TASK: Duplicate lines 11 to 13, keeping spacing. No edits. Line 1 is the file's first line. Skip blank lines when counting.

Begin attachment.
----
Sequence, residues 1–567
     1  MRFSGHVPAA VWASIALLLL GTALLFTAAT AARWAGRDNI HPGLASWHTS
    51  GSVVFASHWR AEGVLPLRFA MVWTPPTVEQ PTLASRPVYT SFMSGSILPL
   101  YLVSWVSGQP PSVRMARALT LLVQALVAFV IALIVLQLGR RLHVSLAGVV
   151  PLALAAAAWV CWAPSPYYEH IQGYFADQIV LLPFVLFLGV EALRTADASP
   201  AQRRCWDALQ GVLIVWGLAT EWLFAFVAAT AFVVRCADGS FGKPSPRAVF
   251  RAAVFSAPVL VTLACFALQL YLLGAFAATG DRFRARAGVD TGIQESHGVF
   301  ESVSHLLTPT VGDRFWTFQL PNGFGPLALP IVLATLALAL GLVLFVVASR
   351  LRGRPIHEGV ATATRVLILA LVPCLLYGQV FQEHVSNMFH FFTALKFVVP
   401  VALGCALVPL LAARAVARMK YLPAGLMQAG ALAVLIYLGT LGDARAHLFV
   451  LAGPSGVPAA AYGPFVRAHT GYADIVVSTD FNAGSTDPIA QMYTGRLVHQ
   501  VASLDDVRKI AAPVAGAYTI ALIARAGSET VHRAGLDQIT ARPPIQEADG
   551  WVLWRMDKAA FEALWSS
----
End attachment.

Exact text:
   451  LAGPSGVPAA AYGPFVRAHT GYADIVVSTD FNAGSTDPIA QMYTGRLVHQ
   501  VASLDDVRKI AAPVAGAYTI ALIARAGSET VHRAGLDQIT ARPPIQEADG
   551  WVLWRMDKAA FEALWSS